To be fair, most of the health messages coming from the American Heart Association and American Diabetes Association are spot on.
Yet, nobody is perfect.
The statement came from a “writing committee” of the AHA and ADA—two of the world’s leading health organizations. The writers hailed from places like Harvard, Stanford, Purdue and Northwestern. These are societies of experts charged with caring for two diseases—diabetes and heart disease–that mostly stem from humans making chronically bad choices about how they live in this world. It’s really that simple. Type II diabetes and typical heart disease (from hardening of the arteries) occur because people eat too much, move too little and do not get enough sleep.
I know that’s not news. Here’s what is—and what’s got me riled up.
After thousands of words and an exhaustive review of the less-than-clear science on artificial sweeteners, here’s what the position statement concluded:
The evidence reviewed suggests that when used judiciously, NNS (artificial sweeteners) could facilitate reductions in added sugars intake, thereby resulting in decreased total energy and weight loss/weight control, and promoting beneficial effects on related metabolic parameters. However, these potential benefits will not be fully realized if there is a compensatory increase in energy intake from other sources.
The press release begins…
Substituting non-nutritive sweeteners for added sugars in beverages and other foods has the potential to help people reach and maintain a healthy body weight and help people with diabetes with glucose control….
I understand their position. I respectfully disagree with it.
The premise holds that excessive sugar intake is bad for us. There is no debate here. I’d even add emphasis to the sugar-is-toxic idea. I truly believe that the number one nutritional problem in Western society is the excessive intake of insulin-spiking simple carbohydrates. One could write thousands of words describing the bad things that happen to the body when exposed to excess sugar. I’ll spare you that. Let’s get back to the AHA/ADA endorsement.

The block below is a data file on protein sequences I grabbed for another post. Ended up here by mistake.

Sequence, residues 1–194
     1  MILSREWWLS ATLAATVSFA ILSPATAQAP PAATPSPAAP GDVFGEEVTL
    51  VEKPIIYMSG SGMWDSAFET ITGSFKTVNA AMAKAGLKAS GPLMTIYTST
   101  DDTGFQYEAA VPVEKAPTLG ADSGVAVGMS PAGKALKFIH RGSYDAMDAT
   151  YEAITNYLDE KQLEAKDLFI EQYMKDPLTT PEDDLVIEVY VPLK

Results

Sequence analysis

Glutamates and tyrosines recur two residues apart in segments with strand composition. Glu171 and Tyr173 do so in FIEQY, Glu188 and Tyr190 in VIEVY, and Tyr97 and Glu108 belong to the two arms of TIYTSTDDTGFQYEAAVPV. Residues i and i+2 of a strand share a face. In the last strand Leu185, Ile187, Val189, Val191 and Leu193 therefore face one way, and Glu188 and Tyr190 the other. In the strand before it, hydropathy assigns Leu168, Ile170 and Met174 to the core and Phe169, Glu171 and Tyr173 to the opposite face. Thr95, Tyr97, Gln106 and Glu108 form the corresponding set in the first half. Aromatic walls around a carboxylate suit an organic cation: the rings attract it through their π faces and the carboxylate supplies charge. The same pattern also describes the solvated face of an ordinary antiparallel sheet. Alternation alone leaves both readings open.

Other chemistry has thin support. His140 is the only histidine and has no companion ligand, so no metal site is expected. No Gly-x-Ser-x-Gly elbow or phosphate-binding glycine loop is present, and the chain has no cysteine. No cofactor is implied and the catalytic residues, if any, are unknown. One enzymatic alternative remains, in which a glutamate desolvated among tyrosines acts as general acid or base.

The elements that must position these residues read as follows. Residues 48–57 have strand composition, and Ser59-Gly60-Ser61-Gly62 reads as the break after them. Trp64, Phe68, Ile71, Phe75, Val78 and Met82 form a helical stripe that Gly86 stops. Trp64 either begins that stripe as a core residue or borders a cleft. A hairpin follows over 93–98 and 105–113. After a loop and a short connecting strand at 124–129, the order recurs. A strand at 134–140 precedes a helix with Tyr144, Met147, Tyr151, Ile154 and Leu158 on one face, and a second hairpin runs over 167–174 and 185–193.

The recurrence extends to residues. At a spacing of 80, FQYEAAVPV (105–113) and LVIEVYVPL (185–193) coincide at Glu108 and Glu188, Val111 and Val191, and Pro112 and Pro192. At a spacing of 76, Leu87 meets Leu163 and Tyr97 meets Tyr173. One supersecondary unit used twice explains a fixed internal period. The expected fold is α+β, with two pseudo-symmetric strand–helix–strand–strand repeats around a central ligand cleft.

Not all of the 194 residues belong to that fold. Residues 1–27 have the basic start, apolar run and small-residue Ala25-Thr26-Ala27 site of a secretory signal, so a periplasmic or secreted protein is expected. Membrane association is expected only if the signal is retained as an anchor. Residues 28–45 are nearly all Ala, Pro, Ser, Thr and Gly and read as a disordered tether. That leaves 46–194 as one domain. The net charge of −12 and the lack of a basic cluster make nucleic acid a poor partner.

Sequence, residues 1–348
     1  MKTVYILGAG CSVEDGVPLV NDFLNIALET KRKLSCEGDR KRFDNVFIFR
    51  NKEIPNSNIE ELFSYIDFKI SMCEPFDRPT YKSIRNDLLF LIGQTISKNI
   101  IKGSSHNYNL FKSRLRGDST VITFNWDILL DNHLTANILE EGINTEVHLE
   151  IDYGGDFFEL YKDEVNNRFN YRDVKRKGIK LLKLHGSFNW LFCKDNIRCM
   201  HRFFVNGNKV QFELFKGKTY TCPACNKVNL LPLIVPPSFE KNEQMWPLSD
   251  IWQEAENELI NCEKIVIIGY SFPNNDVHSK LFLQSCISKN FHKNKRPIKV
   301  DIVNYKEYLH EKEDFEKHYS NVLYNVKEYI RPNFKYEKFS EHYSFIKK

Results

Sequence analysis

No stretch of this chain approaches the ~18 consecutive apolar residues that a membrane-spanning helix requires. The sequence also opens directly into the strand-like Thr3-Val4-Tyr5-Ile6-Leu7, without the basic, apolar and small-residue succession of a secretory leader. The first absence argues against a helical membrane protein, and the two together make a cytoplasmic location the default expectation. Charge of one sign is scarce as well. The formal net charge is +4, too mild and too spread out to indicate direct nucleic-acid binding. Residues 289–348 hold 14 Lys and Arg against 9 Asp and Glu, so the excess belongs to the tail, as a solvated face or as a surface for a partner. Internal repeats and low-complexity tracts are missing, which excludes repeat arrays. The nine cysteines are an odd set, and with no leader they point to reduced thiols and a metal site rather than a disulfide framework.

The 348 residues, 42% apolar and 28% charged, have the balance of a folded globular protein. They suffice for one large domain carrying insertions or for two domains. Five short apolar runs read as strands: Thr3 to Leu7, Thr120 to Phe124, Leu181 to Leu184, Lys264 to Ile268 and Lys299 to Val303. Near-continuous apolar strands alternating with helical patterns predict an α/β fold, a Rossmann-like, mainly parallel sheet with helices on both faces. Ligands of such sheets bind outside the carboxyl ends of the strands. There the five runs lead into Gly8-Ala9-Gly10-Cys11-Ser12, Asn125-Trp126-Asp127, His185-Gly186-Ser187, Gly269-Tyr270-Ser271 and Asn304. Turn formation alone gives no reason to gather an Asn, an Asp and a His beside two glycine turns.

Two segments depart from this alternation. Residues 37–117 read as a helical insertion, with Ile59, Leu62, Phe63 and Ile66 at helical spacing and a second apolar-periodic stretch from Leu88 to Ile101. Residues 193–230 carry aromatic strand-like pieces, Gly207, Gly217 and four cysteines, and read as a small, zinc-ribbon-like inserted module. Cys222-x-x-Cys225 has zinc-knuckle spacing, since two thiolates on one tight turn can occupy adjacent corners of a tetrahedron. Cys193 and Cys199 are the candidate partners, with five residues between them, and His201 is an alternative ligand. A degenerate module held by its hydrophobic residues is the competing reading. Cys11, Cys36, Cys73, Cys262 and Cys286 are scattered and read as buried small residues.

Since ingesting too much sugar is a problem, it stands to reason that zero-calorie artificial sweeteners would be beneficial. You get sweetness and pleasure, but avoid any adverse consequences. It’s like a free lunch. Not surprisingly, people have vigorously embraced these “diet” or “zero-calorie” products.
After reading the extensively researched position paper, it’s clear that the science on artificial sweeteners is weak. Convincing studies, or even strong trends, that either demonstrate clear benefit or overt harm of artificial sweeteners do not exist. Like so many nutritional studies in humans, confounding factors muddy the conclusions. In other words, it’s impossible to sort out the specific effects of artificial sweeteners.
But you already know the real problem with artificial sweeteners, don’t you?
A free lunch?
Free lunches fall in the same category as:
If it’s too good to be true…
Of course the smart use of artificial sweeteners might help selected people control calorie intake. But that’s not the spin of the press release or the headlines. The take-home message to the American patient will be that artificial sweeteners are good.
That’s not the message I want to hear from leading medical societies.
We are losing the battle of excess. Our health leaders shouldn’t settle; they should stay on message, even if it’s not well received or painfully basic. Even a cautious, call it small, endorsement from a leading health society will have a big effect on public perception.
In theHeart.org account, Harvard public health expert, Dr Walter Willett likened artificial sweeteners to the nicotine patch, basically saying that they aren’t that great, but they are better than the alternative–sugar. That’s awful. I’ve never once in my career written a prescription for a nicotine patch. I try to avoid substituting lousy treatments when simple avoidance is what’s needed. I don’t recommend substituting diet drinks for sugary drinks; I recommend not drinking sugary drinks.
Leaving out the cynical thoughts that such endorsements might be affected by financial relationships, ie…big red hearts on Diet Coke cans, let’s just say:
Doctors need to keep touting the basics. We must not be side tracked by the mirage of diet pills, calorie-free food or polypills. Of all people, we should know the dangers of free-lunch thinking.
Good sleep, better food and keep moving. I recommend this every day. So should our leading health societies.